How Couple Who Took in 70 Foster Kids After Hurricane Irma Turned an Emergency Into an Epic Sleepover

Marc and Jennifer Ball treated the kids to manicures, chicken fingers and lots of love and attention.

When Marc and Jennifer Bell received a call that 70 foster children had nowhere to go following Hurricane Irma, the Florida couple opened their door — and their hearts.

What unfolded over the next three days was a sleepover of epic proportions, featuring ice cream trucks, games, manicures and lots of chicken fingers.

"It was a beautiful experience for them," Marc Bell said. "But it was a beautiful experience for us as well."

The Bells, who live in Boca Raton, shared their story with Inside Edition at DGA New York Theater Thursday night as they co-chaired an event benefiting foster children in South Florida. The couple helped host a screening of a short film, Momma, which touches upon issues affecting children like those they took in.

It all started with a phone call from SOS Children’s Villages Florida following the hurricane in early September.

"The shelter lost power," Marc recalled. "They had no place to go and they needed help and we said, 'Why don’t you come over? And we’ll figure it out.'"

Nearly 100 people — including 70 children and their chaperones — turned up. The couple initially thought the group would be there for a few hours, but they ending up staying for three days. Still, there was more than enough to keep them busy.

"We had Bobby the Balloon Guy, we had Ziggy the Clown, we had ice cream trucks, we had sports games on the fields for them. We kept them busy," Marc said. "But they also needed showers. They needed to have their laundry done. They hadn’t showered in five days, they hadn’t had clean clothes in five days. So we took care of them."

The couple put up a message on Facebook asking for volunteers and, across the three days, 150 turned up to help them feed, clean and entertain the children.

"These were kids that were from 2 to 17, so we had a lot of different age groups," Jennifer said. "All my friends came over. We were doing jewelry. We got the little girls manicures."

There was also a constant need for more food, she laughed, and they went through a lot of chicken fingers and pizza.

"We first took a quick survey and asked, 'What do you want to eat?' and they all screamed out, 'Pizza!' Two hours later, 20 pizza pies showed up," Marc said.

Friends who play sports also came over to entertain the group, and the couple even threw birthday parties for some of the children.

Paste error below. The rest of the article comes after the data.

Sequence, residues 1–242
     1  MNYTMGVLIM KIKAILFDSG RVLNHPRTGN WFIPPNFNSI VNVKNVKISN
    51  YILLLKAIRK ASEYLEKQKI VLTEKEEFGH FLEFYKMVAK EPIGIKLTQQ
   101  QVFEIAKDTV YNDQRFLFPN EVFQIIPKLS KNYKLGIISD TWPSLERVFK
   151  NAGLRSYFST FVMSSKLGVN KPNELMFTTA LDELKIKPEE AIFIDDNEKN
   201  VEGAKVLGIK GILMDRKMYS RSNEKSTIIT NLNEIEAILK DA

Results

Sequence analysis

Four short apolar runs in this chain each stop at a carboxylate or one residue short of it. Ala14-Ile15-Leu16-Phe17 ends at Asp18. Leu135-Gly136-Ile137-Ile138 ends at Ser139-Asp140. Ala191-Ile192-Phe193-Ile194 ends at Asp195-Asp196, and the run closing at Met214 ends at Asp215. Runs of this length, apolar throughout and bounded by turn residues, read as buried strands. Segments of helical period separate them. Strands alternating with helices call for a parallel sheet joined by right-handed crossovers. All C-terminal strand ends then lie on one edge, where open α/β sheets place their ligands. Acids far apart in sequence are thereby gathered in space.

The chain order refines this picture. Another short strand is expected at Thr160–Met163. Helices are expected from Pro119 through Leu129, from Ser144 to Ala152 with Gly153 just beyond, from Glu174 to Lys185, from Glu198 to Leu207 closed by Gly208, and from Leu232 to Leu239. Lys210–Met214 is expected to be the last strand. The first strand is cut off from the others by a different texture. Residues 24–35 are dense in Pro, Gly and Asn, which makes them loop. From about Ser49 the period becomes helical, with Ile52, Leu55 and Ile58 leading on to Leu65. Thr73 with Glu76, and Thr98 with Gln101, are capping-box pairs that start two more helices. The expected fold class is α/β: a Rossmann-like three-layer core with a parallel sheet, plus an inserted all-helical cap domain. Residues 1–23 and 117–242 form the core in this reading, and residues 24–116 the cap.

"They were the best house guests that we’ve ever had. They were so respectful," Jennifer said. "They were just thankful that people were looking out for them."

Her husband added, "The one thing they all really wanted was just love. They just wanted someone to talk to, someone to care for them. And we treated them like they were our own."

While the couple's act of kindness has earned them admiration, they said they don't feel comfortable being called heroes.

"The people who are with these kids every day" are the heroes, Jennifer said. "And even the kids are the heroes."

"At the end of the day, these kids are our future," Marc added. "They may have had a bad break in life, but the reality is they are the future doctors, lawyers, bankers, presidents — you never know. They need to have the same opportunity that we’re blessed and lucky enough to have. We want them to have that opportunity."

The couple supports SOS Children's Village, the foster care community where the children came from. One hundred percent of the children over the past decade have graduated high school and have gone on to college or vocational training, Marc told Inside Edition.

It's a success story that has personal meaning for CBS senior executive Scott Koondel, who spearheaded Thursday night's event raising money for SOS Children's Village along with his wife, Staci.

Koondel, now himself a father of four, grew up in foster homes.

"A lot of people do great things — they donate a lot of money — for the cause, but what Marc did was well beyond what a lot of people would do by taking 70 kids in," he said.

He's now hoping that other people see Momma, a short film written and directed by Nacho Arenas, to understand issues affecting children.

"It took me over 30 years to discuss what my experiences were in foster care, and they weren’t pleasant, but I’m hoping that what I talk about will inspire people to understand what foster kids go through and to donate their time and resources to make their lives better," he said.

To support SOS Children's Village Florida, a non-profit organization dedicated to meeting the needs of foster children in south Florida, visit their website here.